नुसरत फ़तेह अली ख़ाँ (जन्म: 13 अक्टूबर, 1948)

October 13, 2017

नुसरत फ़तेह अली ख़ाँ (जन्म: 13 अक्टूबर, 1948, लायलपुर {वर्तमान फ़ैसलाबाद}, पाकिस्तान; मृत्यु: 16 अगस्त, 1997, लंदन, इंग्लैंड) मुस्लिम सूफ़ी भक्ति संगीत की विधा क़व्वाली के महानतम गायक थे।


कला जगत में प्रवेश
1996 में उन्होंने पाया कि वह अमेरिकी मनोरंजन व्यवसाय के केंद्र में पहुँच चुके हैं। उन्होंने फ़िल्मों के लिए गाने रिकार्ड कराए, एम. टी. वी. पर आए और कई धर्मनिरपेक्ष गाने रिकार्ड किए, जिन्हें विशेष रूप से पश्चिमी श्रोताओं ने सराहा। कुछ को ऐसा लगा कि इस प्रकार का गायन सूफ़ी संगीत को जन्म देने वाली आध्यात्मिक विरासत और उनकी जन्मभूमि के लाखों प्रशंसकों के साथ विश्वासघात है, लेकिन नुसरत का मानना था कि उन्होंने कुछ भी छोड़ा नहीं और वह केवल अपने स्वर की गहराइयों को पाने की कोशिश में थे। वह ज़्यादा श्रोताओं के साथ अपनी प्रतिभा और संगीत विरासत की भागीदारी के इच्छुक रहे, फिर भी वह संभलकर चलने और अपनी आस्था से समझौता न करने के प्रति भी सतर्क रहे। 16 अगस्त 1997 में 49 वर्ष की आयु में हृदय गति रुक जाने से उनका निधन हो गया। उनकी असामयिक मृत्यु के कुछ ही पहले एक भारतीय फ़िल्म के लिए उनकी पहली संगीत रचना प्रदर्शित हुई थी।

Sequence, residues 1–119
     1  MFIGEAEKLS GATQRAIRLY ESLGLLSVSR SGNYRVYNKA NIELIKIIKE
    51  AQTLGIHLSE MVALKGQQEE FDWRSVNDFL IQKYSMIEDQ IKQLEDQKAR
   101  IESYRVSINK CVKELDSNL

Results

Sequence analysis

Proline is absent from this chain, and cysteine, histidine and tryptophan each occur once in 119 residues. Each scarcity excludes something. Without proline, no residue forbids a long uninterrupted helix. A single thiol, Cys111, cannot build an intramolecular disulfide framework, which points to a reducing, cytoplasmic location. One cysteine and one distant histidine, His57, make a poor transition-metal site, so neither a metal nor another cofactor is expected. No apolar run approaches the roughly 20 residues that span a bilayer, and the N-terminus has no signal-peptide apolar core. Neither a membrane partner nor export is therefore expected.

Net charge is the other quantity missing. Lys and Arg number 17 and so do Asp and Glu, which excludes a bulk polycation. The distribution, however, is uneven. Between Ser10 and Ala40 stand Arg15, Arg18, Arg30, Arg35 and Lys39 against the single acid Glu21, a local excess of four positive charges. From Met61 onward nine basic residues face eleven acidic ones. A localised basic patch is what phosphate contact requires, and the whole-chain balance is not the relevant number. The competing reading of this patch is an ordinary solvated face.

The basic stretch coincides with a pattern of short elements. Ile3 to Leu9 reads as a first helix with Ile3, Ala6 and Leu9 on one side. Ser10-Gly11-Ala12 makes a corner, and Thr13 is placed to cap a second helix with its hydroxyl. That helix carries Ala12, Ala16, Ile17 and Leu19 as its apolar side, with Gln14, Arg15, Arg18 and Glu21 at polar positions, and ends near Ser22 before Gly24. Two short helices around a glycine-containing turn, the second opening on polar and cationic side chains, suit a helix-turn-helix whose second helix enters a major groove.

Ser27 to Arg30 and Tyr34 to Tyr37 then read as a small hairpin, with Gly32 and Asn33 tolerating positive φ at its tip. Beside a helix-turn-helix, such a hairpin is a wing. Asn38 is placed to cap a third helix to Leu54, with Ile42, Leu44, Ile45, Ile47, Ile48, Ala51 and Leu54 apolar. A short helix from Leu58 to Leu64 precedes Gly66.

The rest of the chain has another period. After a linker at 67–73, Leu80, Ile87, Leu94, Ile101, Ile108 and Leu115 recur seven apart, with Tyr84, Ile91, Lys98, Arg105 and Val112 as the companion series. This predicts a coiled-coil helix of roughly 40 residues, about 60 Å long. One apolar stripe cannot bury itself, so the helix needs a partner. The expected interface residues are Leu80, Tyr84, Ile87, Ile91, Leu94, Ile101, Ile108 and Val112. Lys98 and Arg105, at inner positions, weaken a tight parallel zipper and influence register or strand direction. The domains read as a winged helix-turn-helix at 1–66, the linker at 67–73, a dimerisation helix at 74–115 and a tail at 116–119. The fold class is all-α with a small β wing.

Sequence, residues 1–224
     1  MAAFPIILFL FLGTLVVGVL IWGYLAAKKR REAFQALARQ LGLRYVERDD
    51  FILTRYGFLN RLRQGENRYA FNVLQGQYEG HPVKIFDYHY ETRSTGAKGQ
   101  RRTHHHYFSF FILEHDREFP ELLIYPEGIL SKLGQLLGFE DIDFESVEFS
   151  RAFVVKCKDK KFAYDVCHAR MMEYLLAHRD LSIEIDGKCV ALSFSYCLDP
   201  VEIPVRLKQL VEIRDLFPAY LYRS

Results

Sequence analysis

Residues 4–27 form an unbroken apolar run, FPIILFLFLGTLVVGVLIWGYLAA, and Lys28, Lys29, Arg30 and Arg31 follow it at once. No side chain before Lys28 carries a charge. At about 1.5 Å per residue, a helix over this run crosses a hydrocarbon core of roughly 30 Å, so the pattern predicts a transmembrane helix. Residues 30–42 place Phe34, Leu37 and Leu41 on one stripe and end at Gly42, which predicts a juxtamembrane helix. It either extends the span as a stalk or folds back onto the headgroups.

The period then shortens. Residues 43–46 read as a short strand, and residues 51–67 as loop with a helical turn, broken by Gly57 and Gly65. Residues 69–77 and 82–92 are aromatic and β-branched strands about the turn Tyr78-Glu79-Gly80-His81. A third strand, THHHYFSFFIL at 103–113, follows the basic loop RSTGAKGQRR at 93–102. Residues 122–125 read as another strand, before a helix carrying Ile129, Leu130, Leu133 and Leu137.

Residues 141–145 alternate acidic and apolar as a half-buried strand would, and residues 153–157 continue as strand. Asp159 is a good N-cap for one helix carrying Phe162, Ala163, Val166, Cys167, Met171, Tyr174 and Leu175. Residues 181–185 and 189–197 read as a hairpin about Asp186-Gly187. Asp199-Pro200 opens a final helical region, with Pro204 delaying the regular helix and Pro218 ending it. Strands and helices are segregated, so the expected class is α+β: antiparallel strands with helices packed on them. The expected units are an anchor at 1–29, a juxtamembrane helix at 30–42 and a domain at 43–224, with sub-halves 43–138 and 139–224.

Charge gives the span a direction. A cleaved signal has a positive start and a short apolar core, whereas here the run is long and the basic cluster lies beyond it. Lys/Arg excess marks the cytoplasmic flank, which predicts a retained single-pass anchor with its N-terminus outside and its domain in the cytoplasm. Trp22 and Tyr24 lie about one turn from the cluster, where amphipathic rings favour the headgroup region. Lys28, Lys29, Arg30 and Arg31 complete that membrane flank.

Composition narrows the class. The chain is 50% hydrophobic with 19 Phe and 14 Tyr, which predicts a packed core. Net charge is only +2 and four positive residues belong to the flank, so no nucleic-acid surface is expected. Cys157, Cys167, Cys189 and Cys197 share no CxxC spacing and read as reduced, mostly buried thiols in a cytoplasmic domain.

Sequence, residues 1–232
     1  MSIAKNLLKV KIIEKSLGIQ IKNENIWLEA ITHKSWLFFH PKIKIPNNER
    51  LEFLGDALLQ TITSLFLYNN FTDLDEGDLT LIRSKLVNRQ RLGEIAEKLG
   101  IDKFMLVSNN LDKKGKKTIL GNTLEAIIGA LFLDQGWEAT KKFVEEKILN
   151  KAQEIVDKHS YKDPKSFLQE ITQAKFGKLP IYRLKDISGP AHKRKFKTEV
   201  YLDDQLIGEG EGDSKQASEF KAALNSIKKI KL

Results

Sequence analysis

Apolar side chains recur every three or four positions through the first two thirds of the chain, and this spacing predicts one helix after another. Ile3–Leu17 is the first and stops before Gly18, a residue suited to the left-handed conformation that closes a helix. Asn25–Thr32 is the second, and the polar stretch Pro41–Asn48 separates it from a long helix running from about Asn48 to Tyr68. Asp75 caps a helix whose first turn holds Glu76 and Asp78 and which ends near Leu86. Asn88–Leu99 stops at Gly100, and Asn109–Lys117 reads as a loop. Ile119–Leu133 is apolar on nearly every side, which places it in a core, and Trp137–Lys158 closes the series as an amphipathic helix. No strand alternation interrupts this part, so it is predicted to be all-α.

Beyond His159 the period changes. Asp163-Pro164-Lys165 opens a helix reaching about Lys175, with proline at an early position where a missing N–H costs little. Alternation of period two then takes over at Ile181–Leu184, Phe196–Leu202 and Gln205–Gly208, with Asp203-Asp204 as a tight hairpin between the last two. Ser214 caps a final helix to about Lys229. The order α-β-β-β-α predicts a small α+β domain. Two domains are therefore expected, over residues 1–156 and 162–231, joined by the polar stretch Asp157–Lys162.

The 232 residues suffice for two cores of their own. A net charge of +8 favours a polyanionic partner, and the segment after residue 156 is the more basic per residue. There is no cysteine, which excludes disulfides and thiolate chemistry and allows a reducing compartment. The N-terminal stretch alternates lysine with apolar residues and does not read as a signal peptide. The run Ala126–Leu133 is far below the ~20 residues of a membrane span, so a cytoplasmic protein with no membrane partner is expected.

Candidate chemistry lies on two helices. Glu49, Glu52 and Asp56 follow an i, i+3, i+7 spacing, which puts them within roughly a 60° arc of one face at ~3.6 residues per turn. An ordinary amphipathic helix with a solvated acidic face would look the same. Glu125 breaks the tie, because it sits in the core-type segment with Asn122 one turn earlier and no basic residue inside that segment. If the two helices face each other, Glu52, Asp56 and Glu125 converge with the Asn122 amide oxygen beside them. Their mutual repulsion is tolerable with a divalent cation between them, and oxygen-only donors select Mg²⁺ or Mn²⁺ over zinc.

उनके पिता फ़तेह अली ख़ाँ और उनके दो चाचा शास्त्रीय शैली के प्रसिद्ध क़व्वाल थे। नुसरत ने संगीत की शिक्षा अपने पिता से हासिल की, लेकिन 1964 में अपने पिता की अंत्येष्टि पर गाने के बाद ही क़व्वाली परंपरा के प्रति अपने को समर्पित किया। दो साल बाद उन्होंने अपने चाचाओं के साथ अपनी पहली मंचीय प्रस्तुति दी।


1970 के दशक के शुरू में उन्होंने स्वयं को पूरे पाकिस्तान में अपने समय के उत्कृष्ट क़व्वाल के रूप में स्थापित कर दिया। 1985 में इंग्लैंड में विश्व संगीत सम्मेलन में गाने के बाद उनकी प्रतिभा की चर्चा चारों ओर फैलनी शुरू हो गई और शीघ्र ही वह नियमित रूप से यूरोप भर में प्रदर्शन करने लगे। उन्होंने पहली बार 1989 में अमेरिका का भ्रमण किया और 1992 में वाशिंगटन विश्वविद्यालय में अतिथि कलाकार के रूप में एक साल बिताया।


आमतौर पर तबला, हारमोनियम और साथी गायकों की संगत में ख़ां बहुत ऊँचे सुर (पारिवारिक विशेषता) में गाते थे। उनकी आवाज़ बहुत सशक्त और अत्यंत अभिव्यंजक थी। शायद उनकी सबसे बड़ी विशेषता उनका सुरीला सृजन और लगातार गाने की विलक्षण क्षमता था। उन्हें दस घंटे तक लगातार गाने के लिए जाना जाता था। हालांकि 1996 तक मधुमेह और उम्र के कारण उनकी ऊर्जा कुछ कम हो गई थी।